Does anyone really want someone like this near someone who isnt doing life in prison?  I keep hearing about people in prison someone like this would have to worry about, isnt it clear he would be one of those people you'd have to worry about?

 

There's a clear difference between those that are deemed to be able to come back into society at some point and those that arent.  They should be separated, and this guy needs a cheaper form of execution.

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9 minutes ago, Renegade7 said:

this guy needs a cheaper form of execution.

I heard a story one time (no clue if its true) that a country, China I think, would shoot the person in the back of the head and then send their family a bill for the bullet.  Cold as ice.

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6 minutes ago, TheGreatBuzz said:

I heard a story one time (no clue if its true) that a country, China I think, would shoot the person in the back of the head and then send their family a bill for the bullet.  Cold as ice.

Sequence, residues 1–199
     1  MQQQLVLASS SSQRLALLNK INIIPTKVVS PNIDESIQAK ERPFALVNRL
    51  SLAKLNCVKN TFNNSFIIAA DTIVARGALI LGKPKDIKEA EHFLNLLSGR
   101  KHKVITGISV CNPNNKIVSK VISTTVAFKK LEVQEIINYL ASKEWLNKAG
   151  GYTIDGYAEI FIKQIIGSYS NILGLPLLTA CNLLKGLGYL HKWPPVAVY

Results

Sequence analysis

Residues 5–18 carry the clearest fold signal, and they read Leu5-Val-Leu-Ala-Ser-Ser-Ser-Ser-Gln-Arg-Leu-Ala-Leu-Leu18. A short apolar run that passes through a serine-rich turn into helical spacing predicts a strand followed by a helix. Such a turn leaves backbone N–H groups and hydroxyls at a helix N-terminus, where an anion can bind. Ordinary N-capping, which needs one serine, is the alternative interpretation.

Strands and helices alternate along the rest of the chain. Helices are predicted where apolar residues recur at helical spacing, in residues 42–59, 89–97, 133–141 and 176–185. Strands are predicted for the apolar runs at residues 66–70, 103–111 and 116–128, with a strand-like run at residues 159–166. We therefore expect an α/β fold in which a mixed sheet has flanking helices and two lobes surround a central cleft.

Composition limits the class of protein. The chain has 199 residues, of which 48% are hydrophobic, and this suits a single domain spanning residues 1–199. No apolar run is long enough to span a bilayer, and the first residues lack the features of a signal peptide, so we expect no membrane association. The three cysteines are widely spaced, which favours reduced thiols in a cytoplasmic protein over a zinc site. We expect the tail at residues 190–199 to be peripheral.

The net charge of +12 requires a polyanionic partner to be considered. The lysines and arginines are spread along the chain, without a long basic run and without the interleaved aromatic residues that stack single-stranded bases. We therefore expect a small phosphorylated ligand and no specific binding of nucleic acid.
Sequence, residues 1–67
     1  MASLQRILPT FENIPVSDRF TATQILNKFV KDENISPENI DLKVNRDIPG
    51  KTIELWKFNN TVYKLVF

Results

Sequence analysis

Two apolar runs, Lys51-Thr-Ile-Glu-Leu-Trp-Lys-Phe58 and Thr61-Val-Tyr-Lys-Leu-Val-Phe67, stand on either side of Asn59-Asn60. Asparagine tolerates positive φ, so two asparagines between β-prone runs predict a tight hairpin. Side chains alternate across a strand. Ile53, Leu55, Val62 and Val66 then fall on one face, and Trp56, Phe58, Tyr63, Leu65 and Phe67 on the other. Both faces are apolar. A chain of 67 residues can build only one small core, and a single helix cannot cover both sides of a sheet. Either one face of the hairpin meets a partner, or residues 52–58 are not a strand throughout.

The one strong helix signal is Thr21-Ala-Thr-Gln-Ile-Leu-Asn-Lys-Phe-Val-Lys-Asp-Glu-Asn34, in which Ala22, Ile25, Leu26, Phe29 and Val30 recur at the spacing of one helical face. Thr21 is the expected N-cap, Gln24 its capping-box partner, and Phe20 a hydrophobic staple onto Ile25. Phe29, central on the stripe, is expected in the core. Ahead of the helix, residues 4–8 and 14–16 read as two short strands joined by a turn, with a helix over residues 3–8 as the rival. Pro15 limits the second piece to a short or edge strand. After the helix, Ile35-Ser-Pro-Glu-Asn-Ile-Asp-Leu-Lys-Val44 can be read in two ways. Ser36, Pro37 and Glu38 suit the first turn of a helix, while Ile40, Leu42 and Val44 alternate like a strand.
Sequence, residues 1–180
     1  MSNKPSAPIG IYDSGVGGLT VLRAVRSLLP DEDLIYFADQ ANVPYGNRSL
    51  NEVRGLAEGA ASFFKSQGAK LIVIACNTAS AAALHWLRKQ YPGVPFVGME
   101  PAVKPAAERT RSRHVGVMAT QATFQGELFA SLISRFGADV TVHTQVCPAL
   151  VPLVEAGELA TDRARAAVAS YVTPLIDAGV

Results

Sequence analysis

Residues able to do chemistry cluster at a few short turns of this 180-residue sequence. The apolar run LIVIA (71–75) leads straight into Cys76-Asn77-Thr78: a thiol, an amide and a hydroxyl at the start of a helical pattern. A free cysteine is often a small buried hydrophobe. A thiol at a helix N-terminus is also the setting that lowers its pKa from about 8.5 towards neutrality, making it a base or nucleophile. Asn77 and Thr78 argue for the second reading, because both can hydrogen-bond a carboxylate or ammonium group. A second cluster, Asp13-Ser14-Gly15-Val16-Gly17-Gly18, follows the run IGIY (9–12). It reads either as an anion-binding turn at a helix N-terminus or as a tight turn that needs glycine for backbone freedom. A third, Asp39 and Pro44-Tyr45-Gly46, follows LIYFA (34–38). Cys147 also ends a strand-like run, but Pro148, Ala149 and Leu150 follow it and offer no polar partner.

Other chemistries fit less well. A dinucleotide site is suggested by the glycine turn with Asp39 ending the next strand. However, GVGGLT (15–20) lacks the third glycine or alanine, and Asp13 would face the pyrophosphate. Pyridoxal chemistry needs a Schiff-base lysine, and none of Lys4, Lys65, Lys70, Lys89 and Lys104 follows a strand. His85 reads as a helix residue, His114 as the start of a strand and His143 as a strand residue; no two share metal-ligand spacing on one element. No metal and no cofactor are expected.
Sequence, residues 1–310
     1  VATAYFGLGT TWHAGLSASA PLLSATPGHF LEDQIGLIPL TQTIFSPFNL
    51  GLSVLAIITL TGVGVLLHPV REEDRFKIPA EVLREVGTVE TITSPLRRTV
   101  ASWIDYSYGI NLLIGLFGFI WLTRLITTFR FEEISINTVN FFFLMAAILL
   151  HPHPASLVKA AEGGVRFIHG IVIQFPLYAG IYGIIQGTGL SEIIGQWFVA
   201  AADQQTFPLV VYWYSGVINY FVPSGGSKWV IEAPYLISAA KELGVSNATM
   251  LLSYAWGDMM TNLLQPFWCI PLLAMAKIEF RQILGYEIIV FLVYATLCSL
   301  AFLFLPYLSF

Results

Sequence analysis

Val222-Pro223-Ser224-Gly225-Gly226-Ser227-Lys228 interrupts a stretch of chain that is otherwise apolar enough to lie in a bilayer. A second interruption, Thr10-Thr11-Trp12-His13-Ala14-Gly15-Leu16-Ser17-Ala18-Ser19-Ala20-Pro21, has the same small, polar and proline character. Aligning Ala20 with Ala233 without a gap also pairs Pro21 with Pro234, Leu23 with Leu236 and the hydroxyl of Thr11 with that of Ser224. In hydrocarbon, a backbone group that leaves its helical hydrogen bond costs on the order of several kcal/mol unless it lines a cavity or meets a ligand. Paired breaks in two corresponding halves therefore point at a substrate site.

There's gotta be some middle ground between the current expensive methods and the ways they used to do it back in the day.  There just isn't same level public indifference to chopping at back of someones neck because the sword is too dull.  Maybe we should have a thread on forms of execution one would support, like chloroform and a custom made captive bolt pistol specifically for humans for the base of the skull.

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Yeah, I'm generally against execution, but there are some cases I think it may be necessary.

I'm not sure what I think would be best to deal with this guy (the woman already has life in prison, unless maybe there's more charges to come?)

I hate to think though about people that might be harmed by them in the future though (in or out of prison)

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4 hours ago, Renegade7 said:

 

Does anyone really want someone like this near someone who isnt doing life in prison?  I keep hearing about people in prison someone like this would have to worry about, isnt it clear he would be one of those people you'd have to worry about?

 

There's a clear difference between those that are deemed to be able to come back into society at some point and those that arent.  They should be separated, and this guy needs a cheaper form of execution.